Kirby: Star Allies is comprised of four main worlds containing a wide variety of stages. Each stage contains a rainbow puzzle piece, which is usually placed in the "most challenging" (challenging is a relative term when we're talking about Star Allies) location within the level. These pieces fill up an assortment of jigsaw puzzles that reveal images from Kirby's illustrious history as a gaming icon. There are also regular puzzle pieces to collect in levels as well, but these don't fill in specific pieces of these jigsaw puzzles. Additionally, some levels go the Kirby's Adventure route and house special switches that when pressed, unlock extra stages to play through, prolonging the entertaining story mode of Star Allies. In total, there are close to the same amount of stages in Kirby: Star Allies as other games in the series like the Wii's Return to Dream Land and the Nintendo 3DS's Triple Deluxe.
The boss battles are highlights of Star Allies, and they have the pleasure of not just being isolated to the end of each world either. Instead, they can occur midway through a world, or even in the first stage of a world. It keeps players on their toes, and it simultaneously allows a much wider amount of battles to take place against foes both fresh and familiar (as well as new takes on old foes). While most bosses have simple patterns to pick up on and antics that won't overly challenge veteran players, the boss fights in Kirby: Star Allies are engrossing and enjoyable all the same.
Outside of the story mode, which won't last terribly long (it clocked in for me around five hours or so), a host of other modes is available, including two quick throwaway mini-games, and some much more substantial and meaty modes which unlock after the initial story mode is finished. One mode allows you to play as any four helper characters, doing away with Kirby as the star, and having you go through a remixed collection of the story mode's stages. If you like, you can play this mode as each of the different helper characters (though this isn't necessary in earning 100% completion on a save file), including special Dream Friends like Bandanna Waddle Dee, King Dedede, Metaknight, and even some free downloadable characters from past Kirby games like Kirby Dream Land 2's Rick, Kine, and Coo, or Kirby Super Star's Marx.
Another mode that unlocks is a special boss rush mode. Depending on which difficulty you choose, there are more rounds to take on, less food items to restore your health between rounds, and much more dangerous and deadly foes. While Kirby: Star Allies is overall an extremely breezy game to beat, this substitute mode for the Arena mode of past Kirby games is quite the challenge. To beat the ultimate difficulty level of Kirby: Star Allies's boss rush mode is something to definitely be proud of.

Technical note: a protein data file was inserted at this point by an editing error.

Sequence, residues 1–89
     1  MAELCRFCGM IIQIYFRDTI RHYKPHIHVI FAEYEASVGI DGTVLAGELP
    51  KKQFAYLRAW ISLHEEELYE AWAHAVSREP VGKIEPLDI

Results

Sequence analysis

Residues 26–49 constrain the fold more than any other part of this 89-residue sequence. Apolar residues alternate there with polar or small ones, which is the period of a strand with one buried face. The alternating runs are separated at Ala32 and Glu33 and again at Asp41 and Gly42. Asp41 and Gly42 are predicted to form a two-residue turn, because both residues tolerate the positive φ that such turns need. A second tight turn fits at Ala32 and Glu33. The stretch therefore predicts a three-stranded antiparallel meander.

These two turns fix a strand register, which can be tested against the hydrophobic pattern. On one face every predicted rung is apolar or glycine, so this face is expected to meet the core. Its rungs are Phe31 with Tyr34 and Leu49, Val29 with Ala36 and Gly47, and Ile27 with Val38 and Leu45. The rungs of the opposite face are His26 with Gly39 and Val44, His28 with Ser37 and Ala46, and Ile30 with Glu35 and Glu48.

Kirby: Star Allies is one of the only console Kirby games that runs at 30 FPS instead of the typical 60. However, this doesn't really detract heavily from the gameplay experience, and I got used to it rather quickly. What is more jarring is the plethora of loading screens that occurs between room transitions in Star Allies, something never-before-seen in a Kirby game, to my recollection. While these loading screens are fast and present players with helpful tips and advice, they do add up over time.
Star Allies is a positively pretty game to look at. The backgrounds and environments are an absolute pleasure to gaze upon, and I sometimes found myself just stopping to admire the scenery on many occasions during my playthroughs of the game. Character models look exquisite and are wonderfully animated to create a world in Kirby: Star Allies that is detailed and lovely on the visual front. On the sound side, Star Allies features both new arrangements of classic themes from past Kirby games as well as wholly new compositions. Whether it's the trademark melody of the Green Greens theme or the more electronic sounds of the Jambaston fortress, the music is marvelous in Star Allies.
Kirby: Star Allies doesn't do much to push the formula of the franchise forward, but it does successfully craft a game that is well worth playing for both solo gamers and those with the ability to play with multiple people. The low difficulty of the game, even compared to past Kirby entries, will be a turnoff for some players (even the locations of secrets aren't anywhere near as diabolical as past Kirby games). However, there is enough in this pink puffball package to engorge oneself on and enjoy. It's not a truly fantastic Kirby game, but Kirby: Star Allies does its job of providing a highly competent and capable Kirby game for Nintendo Switch owners.